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Canada’s Prairie cities are an exciting context for understanding cultural growth and diversification of urban spaces because more and more Aboriginal peoples are identifying and experiencing their lives in the urban realm. At the same time though, urban spaces are also a source for serious cultural and socio-economic challenges for Aboriginal peoples. With the sustained pattern of growth in the urban Aboriginal population experienced in Canada’s Prairie cities today, there is a need for Aboriginal involvement and participation in creating policies and programs for urban Aboriginal peoples. I explore how the city of Edmonton is engaging with Aboriginal peoples and organizations in the city to enable their rights, needs and aspirations in city planning processes. The thesis engages the concept of “Aboriginality” to explore how Aboriginal cultures can be enabled by urban planning processes to develop and manifest their values and identities in the city so that urban spaces can shift toward decolonized places. Knowledge learned from the research can be used to inform municipalities across Canada on how they can emphasize their Aboriginal heritage as a civic strength for inclusive urban planning in Canada. Engaging Aboriginal peoples and their perspectives in ideas of place-making and civic future seeking will also add more depth to the diversity discourse in mainstream Canada. To explore the research questions, the thesis uses Edmonton as a case study. Interviews involving Aboriginal citizens, Aboriginal organizations, and municipal officials are used as a method for collecting the data needed for the research. Findings reveal that the City of Edmonton is willing to engage with Aboriginal peoples to integrate their perspectives and cultures in the mainstream of urban life. However, the process is still developing and much more complicated in terms of how different Aboriginal peoples want to be engaged in city planning and associated policy. Citizens express a general fondness for Edmonton and its many opportunities that can improve people’s lives. However, though on the surface the city overflows with promises for opportunity and success, underneath the surface, some Aboriginal peoples experience subtle barriers that diminish their capacity to engage and succeed in the socio-economic spheres of the life in Edmonton. Negative stereotypes persist to discriminate against and exclude Aboriginal peoples as viable constituents of the citizenry of Edmonton. Aboriginal organizations in the city are playing a fundamental role in addressing the acute social pressures that Aboriginals face. These organizations also serve to create a collective Aboriginal voice that stands to challenge the negative stereotypes in addition to fostering a non-judgmental space for healing from the impacts of intergenerational trauma. The thesis concludes with the point that Aboriginal engagement is an important platform for raising civic literacy on Aboriginal history and its intersection with city planning and development processes in Edmonton. It engages notions of the city’s identity and begins a transformation of the systemic bureaucracies that presume universal citizenship in the public domain.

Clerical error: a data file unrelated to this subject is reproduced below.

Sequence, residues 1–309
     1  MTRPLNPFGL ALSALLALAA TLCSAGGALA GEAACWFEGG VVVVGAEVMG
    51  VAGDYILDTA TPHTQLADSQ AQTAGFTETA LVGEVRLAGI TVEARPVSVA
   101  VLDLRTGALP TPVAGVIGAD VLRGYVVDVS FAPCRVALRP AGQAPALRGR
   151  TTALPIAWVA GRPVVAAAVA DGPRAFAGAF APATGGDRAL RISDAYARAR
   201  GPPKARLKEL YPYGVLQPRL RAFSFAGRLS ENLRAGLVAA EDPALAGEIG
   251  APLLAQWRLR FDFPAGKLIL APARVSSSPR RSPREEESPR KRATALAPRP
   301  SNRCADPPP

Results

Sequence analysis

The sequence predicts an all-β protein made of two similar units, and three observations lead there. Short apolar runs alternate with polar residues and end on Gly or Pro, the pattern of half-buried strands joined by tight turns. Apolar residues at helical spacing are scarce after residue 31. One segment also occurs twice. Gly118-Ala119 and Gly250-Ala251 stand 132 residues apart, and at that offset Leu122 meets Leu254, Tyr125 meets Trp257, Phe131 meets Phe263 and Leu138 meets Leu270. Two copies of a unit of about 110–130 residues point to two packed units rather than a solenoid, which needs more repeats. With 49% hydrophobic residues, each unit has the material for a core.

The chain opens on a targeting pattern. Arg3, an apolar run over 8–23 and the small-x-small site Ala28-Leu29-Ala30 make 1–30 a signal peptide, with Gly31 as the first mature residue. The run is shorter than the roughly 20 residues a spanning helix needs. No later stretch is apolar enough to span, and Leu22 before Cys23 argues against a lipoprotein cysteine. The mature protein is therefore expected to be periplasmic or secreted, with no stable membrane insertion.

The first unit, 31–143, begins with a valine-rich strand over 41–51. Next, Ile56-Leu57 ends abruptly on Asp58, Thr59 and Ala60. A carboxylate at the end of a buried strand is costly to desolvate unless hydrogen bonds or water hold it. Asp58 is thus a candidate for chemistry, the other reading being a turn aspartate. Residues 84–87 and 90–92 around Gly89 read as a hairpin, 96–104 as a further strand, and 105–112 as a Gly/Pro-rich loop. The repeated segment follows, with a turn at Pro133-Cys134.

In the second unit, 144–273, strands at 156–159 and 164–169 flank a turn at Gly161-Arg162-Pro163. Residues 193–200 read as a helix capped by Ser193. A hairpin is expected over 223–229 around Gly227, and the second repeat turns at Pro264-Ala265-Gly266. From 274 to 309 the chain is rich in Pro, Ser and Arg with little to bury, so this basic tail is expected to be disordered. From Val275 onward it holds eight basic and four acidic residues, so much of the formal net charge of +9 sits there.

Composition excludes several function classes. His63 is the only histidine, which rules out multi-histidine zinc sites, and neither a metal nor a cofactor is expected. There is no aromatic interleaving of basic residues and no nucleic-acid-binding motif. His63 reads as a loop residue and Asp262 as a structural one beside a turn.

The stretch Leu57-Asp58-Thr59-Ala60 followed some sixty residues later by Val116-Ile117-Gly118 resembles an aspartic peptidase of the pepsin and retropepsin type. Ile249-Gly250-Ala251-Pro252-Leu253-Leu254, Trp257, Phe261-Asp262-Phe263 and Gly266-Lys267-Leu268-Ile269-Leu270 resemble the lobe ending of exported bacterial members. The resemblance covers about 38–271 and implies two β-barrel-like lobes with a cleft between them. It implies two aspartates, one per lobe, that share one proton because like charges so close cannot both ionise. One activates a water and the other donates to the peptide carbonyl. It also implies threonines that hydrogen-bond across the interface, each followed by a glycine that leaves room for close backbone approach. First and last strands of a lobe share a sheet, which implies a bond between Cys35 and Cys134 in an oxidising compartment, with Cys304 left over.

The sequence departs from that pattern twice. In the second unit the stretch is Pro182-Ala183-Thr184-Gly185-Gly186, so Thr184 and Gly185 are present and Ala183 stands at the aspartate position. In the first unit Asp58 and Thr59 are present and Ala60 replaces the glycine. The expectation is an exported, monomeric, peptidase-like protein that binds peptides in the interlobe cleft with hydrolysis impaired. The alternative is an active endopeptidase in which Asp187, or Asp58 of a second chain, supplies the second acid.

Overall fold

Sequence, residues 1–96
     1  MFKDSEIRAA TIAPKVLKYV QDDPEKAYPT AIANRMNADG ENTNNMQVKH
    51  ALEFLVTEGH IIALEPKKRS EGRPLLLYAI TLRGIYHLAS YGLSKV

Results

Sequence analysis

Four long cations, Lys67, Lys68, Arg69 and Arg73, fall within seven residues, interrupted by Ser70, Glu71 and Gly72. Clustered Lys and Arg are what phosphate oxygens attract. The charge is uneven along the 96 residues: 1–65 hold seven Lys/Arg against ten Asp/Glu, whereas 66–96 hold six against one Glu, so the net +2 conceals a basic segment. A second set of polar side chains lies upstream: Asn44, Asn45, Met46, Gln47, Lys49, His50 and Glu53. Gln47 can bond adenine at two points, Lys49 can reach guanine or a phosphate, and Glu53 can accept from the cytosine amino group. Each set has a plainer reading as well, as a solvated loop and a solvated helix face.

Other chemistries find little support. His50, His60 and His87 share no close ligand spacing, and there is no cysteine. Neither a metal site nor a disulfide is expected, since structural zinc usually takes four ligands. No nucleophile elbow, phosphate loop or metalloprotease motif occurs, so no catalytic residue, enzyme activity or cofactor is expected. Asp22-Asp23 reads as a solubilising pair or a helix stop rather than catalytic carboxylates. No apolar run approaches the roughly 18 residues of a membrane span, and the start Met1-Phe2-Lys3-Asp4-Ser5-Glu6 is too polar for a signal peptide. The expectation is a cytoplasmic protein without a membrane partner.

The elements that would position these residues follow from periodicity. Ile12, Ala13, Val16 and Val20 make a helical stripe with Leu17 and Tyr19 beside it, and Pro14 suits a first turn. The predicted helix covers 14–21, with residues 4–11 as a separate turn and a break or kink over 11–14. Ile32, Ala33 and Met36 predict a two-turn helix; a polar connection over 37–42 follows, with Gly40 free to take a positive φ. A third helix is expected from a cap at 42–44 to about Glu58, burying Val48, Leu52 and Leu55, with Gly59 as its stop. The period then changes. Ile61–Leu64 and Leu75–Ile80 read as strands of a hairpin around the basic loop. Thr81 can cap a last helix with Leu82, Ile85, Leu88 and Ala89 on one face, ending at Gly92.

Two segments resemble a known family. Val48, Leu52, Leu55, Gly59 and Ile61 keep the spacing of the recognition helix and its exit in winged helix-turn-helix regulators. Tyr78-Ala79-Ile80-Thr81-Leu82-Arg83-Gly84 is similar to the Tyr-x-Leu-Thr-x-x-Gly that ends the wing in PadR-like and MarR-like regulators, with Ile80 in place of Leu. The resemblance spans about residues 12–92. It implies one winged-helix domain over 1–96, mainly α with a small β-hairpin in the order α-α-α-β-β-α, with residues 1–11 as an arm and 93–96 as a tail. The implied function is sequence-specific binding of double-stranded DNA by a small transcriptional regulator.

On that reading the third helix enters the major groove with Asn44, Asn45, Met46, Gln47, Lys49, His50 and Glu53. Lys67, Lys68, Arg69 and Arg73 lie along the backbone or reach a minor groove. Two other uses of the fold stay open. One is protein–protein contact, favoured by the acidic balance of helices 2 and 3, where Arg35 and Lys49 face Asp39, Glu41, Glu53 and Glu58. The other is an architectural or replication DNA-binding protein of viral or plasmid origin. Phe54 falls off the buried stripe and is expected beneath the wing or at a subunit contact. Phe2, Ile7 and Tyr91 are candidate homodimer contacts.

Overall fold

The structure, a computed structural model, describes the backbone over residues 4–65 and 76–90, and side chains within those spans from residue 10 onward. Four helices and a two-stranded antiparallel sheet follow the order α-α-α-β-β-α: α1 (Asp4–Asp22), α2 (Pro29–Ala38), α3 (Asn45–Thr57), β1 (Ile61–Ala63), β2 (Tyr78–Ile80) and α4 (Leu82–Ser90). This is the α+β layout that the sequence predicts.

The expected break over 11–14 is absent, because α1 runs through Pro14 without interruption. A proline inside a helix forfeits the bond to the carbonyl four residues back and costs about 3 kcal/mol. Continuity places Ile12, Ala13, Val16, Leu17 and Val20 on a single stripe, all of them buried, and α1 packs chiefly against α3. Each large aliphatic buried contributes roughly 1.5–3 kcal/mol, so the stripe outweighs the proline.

Urban planning, Aboriginality, Aboriginal Engagement, Structural Violence



Master of Environment and Sustainability (M.E.S.)


School of Environment and Sustainability


Environment and Sustainability


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